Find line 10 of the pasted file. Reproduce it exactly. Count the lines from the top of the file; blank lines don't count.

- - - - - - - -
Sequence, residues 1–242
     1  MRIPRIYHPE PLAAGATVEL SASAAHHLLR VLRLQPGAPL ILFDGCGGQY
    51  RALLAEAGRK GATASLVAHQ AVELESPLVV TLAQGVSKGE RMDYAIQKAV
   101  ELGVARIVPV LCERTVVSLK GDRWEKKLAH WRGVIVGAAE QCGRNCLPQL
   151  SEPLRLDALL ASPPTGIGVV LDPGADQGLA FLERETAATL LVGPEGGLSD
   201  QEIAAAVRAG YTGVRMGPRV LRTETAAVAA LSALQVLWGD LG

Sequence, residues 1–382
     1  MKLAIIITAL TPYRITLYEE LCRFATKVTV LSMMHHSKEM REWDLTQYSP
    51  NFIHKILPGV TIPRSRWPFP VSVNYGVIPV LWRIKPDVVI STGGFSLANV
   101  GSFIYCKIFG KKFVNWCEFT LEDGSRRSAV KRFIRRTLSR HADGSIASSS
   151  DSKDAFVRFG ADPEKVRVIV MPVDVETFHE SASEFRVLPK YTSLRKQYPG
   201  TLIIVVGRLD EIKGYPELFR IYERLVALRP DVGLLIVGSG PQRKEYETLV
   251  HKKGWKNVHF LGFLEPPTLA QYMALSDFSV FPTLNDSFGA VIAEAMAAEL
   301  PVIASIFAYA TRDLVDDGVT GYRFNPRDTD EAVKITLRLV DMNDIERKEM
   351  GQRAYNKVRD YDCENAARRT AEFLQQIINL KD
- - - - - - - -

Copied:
   101  GSFIYCKIFG KKFVNWCEFT LEDGSRRSAV KRFIRRTLSR HADGSIASSS